In young people (<18 years), reported COVID-19 infections, hospitalization, and death are low (36). COVID-19 generally presents with milder symptoms in children than in adults (3, 7), but the evidence-base is unclear. This does not mean children are immune, and children are considered important asymptomatic carriers able to facilitate SARS-CoV-2 transmission within households (37).
While most COVID-19 infections are mild (with <20% of cases being severe to critical) (38), communities of heavy smokers or those with lung function impairments are believed to be particularly susceptible to complications (39). The WHO has stated that women in Africa are most likely to die from COVID-19 due to sex inequity, chronic poverty among women, weak economic capacity, sexual, and gender-based violence (40). The elderly are more vulnerable to coronavirus (41) and underlying non-communicable diseases that are pervasive in Africa will predispose individuals to complications from SARS-CoV-2 infection.
This study aimed to identify perceptions of COVID-19 risk among Ugandans in order to identify novel strategies to guide the national COVID-19 Task Force (nCTF) to improve, control, and prevent COVID-19 infections.
This was a cross sectional study conducted with 161 Ugandan respondents in the second week of April 2020. During this period, COVID-19 infections started to increase in East Africa and Uganda was placed in total lockdown (March–May 2020). A pre-tested online questionnaire using Q-survey® (https://www.qsurvey.qa/home/en) was administered with study participants through online resources i.e., email, Facebook, Twitter, WhatsApp, and Viber. Only Ugandans were included in the study while international residents were excluded from the study, using phone IP addresses, which were automatically generated by the Q survey®. Study participants were encouraged to share the link to the questionnaire with family members and friends to enhance data collection using the same social media platforms. Financial challenges in this period implied that the response rate was low since a majority of Ugandans use prepaid mobile internet connection. The questionnaire was designed using major trending informal statements on COVID-19 to assess the knowledge and perceptions of COVID-19 (Supplementary File 1). Completing the questionnaire in full was not a mandatory requirement and some questions could be skipped. Metadata was collected and only study participants whose current location was in Uganda was preserved for statistical analysis.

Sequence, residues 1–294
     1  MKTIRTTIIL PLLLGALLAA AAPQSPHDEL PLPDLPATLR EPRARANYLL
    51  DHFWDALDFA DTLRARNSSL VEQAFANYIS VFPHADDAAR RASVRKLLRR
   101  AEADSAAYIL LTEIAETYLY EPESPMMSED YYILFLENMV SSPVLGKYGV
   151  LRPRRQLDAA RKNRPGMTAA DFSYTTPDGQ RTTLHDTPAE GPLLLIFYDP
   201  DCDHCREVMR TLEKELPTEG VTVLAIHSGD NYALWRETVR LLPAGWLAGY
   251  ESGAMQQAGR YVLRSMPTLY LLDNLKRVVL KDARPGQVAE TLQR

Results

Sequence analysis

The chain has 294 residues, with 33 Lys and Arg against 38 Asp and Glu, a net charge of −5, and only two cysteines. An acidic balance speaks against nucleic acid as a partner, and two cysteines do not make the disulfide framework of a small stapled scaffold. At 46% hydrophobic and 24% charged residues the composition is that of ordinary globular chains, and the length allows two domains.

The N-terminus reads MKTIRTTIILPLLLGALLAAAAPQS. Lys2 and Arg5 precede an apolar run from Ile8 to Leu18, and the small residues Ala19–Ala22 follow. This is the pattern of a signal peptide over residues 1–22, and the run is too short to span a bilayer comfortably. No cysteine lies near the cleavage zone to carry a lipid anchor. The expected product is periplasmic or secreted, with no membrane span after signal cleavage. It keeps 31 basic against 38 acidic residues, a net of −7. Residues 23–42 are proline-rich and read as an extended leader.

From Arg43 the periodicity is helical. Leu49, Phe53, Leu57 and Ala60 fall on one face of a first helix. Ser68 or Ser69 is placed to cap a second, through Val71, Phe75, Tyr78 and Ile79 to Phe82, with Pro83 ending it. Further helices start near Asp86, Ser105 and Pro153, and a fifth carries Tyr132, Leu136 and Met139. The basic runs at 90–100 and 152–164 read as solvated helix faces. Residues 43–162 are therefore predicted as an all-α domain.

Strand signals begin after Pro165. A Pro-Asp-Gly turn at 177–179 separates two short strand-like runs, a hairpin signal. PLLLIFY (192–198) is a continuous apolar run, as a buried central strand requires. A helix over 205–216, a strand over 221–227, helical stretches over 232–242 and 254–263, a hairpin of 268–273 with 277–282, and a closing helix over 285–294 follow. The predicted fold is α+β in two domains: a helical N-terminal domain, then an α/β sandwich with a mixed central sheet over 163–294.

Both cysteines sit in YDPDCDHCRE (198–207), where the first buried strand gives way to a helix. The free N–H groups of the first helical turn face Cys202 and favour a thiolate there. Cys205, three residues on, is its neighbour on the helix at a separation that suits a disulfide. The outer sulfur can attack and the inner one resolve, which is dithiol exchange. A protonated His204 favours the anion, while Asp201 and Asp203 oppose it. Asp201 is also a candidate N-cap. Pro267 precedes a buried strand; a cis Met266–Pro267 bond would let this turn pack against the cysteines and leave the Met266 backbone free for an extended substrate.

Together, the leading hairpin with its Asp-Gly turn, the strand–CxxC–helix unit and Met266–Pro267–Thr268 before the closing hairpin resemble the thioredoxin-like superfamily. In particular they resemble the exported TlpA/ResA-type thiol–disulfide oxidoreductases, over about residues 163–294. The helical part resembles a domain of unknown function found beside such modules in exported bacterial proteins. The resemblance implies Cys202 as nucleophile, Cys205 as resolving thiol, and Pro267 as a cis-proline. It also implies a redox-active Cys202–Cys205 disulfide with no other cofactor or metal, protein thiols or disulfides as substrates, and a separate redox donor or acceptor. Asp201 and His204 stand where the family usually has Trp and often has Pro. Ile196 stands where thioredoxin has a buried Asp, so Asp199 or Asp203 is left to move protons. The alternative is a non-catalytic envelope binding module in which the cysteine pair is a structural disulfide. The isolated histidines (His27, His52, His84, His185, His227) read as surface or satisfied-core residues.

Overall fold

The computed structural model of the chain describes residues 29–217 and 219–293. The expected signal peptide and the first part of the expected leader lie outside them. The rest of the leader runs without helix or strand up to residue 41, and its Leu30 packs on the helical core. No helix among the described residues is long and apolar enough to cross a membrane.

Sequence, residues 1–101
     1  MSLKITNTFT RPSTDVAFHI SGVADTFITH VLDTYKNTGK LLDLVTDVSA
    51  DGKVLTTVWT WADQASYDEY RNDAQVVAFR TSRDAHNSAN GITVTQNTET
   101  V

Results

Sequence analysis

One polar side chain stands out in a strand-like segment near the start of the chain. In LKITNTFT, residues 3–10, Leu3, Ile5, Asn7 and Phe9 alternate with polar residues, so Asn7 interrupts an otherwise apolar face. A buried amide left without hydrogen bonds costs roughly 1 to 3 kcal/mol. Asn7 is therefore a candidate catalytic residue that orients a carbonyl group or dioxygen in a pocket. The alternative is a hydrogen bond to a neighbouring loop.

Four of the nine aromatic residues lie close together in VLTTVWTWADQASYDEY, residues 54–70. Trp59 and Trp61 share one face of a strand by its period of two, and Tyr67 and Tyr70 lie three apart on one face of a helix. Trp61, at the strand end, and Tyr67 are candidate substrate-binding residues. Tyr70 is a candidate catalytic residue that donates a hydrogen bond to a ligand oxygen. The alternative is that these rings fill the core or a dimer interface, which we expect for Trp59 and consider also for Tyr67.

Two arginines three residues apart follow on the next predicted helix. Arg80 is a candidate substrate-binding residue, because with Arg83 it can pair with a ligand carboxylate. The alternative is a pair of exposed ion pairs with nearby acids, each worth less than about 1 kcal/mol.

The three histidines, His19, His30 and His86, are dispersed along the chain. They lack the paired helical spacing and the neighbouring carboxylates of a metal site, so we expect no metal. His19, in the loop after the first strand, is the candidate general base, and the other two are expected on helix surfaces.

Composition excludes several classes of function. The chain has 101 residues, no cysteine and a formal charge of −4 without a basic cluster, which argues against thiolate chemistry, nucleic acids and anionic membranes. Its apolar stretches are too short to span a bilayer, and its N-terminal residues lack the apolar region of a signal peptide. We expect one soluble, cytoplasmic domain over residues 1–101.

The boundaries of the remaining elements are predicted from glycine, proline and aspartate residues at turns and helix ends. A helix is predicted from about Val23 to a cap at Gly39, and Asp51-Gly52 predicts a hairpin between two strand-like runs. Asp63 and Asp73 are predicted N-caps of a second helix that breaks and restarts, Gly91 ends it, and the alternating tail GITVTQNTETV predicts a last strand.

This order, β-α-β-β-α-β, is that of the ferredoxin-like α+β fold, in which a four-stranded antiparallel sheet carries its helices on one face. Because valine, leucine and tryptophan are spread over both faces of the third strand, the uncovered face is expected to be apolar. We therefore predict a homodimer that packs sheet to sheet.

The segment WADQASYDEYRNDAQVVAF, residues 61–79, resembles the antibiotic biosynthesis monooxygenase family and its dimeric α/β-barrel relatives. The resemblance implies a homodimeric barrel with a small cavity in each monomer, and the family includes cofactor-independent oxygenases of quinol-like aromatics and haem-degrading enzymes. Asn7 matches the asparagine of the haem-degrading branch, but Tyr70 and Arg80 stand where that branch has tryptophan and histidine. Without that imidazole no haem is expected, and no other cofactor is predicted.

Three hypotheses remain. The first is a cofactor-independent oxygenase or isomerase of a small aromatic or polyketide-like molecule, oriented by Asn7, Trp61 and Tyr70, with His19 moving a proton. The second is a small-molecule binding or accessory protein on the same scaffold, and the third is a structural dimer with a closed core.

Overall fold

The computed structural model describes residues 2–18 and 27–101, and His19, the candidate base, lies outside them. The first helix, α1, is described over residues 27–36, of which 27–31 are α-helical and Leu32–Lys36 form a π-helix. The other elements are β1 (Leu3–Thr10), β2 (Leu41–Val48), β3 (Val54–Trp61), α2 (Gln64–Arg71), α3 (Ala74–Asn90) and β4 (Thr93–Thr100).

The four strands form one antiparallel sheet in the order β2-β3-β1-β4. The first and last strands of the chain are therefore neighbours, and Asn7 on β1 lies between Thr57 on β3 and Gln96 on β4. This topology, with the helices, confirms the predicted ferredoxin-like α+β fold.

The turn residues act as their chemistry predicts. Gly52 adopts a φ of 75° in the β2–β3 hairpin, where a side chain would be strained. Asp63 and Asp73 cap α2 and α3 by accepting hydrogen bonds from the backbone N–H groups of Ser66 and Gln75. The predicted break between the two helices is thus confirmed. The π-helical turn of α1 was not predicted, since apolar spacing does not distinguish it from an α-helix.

Data was exported from Q survey in MS Excel and univariate statistics were conducted using WinPEPI® and significance was reported at a 95% confidence interval using questions which were asked to both males and females in Uganda.
COVID-19 Perceptions Amongst Male and Female Ugandans
Of 161 Ugandan respondents, 64% (n = 103, 95% CI: 56.3–71.1) were male and 36% were female (n = 58, 95% CI: 28.9–43.7). Most were between the ages of 18–30 years (70.5%, 110/161) (Table 1). A total of 52.7% of male respondents (54/102) considered males to be more vulnerable to infection with COVID-19 while 70.4% of female respondents (38/54) did not consider males to be more vulnerable; a significant difference between the groups (RR = 1.79, 95% CI: 1.14–2.8). Most female respondents considered infection risk to be equally distributed between genders and there was no significant difference in this perception between male and female respondents.